Category: sportsSource:  abscbnRelated NewsAug 1st, 2020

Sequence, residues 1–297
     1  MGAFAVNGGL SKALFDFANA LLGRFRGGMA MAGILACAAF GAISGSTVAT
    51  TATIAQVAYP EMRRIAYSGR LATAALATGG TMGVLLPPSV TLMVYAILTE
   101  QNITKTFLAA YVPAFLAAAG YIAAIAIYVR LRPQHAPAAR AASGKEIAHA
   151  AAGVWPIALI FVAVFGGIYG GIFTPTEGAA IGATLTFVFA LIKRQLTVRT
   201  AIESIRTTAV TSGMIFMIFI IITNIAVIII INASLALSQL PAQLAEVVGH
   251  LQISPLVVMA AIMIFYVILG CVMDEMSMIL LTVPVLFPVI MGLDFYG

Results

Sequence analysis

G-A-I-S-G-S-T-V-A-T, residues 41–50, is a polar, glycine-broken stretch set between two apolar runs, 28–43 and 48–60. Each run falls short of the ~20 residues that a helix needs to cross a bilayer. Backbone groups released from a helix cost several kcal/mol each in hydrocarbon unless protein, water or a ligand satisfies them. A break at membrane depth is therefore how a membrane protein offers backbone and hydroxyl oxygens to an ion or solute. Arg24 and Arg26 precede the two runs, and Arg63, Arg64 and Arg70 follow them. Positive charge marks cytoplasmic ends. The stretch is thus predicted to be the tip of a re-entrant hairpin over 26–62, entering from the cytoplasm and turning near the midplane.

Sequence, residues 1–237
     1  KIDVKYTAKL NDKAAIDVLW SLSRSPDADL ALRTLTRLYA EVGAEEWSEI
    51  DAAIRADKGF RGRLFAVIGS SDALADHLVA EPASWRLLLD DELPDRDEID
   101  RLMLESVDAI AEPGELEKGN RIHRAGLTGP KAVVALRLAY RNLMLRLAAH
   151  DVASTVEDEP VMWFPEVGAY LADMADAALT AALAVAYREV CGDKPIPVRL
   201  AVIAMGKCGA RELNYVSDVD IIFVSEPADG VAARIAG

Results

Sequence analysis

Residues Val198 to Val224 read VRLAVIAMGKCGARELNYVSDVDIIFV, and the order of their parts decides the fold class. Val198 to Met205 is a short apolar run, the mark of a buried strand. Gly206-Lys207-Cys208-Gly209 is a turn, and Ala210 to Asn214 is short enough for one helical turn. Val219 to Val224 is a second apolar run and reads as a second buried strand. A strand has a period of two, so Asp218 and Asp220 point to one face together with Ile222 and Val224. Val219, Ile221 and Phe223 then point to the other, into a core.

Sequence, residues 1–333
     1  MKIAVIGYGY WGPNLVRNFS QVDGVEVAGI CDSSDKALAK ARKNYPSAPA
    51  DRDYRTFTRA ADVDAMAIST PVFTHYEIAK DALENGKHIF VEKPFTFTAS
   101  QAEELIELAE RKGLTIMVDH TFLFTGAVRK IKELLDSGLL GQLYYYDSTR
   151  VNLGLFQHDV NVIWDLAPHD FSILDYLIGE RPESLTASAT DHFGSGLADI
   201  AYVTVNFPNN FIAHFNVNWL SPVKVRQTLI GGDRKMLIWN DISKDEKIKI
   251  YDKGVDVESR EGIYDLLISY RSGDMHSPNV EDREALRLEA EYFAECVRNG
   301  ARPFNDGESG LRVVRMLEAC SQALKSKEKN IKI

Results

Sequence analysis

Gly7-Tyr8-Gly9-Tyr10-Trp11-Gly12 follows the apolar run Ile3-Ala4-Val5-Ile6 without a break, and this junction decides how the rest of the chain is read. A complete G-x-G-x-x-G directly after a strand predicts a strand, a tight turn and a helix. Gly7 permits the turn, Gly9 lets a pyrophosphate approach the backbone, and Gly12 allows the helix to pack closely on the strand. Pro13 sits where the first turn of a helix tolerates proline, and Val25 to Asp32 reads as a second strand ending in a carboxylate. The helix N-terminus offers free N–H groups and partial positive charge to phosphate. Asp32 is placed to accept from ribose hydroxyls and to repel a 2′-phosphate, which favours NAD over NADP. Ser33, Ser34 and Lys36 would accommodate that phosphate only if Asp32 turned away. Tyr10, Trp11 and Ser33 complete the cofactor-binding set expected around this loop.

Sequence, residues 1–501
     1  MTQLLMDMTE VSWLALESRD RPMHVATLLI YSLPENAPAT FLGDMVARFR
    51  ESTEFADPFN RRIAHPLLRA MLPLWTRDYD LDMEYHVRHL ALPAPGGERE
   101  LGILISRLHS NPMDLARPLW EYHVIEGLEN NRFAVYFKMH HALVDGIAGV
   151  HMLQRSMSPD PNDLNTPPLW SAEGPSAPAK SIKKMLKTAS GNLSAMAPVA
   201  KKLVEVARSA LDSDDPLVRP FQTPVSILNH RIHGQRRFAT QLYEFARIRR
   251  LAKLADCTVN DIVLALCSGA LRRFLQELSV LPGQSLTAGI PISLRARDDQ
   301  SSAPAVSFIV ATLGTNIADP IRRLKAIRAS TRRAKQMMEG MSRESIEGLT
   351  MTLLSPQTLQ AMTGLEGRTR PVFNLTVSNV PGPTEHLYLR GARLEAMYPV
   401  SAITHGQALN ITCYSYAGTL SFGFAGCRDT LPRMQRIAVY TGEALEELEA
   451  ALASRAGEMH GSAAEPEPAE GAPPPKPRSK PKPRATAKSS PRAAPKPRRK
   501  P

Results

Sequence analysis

How Hackett and Harris went beyond 100 points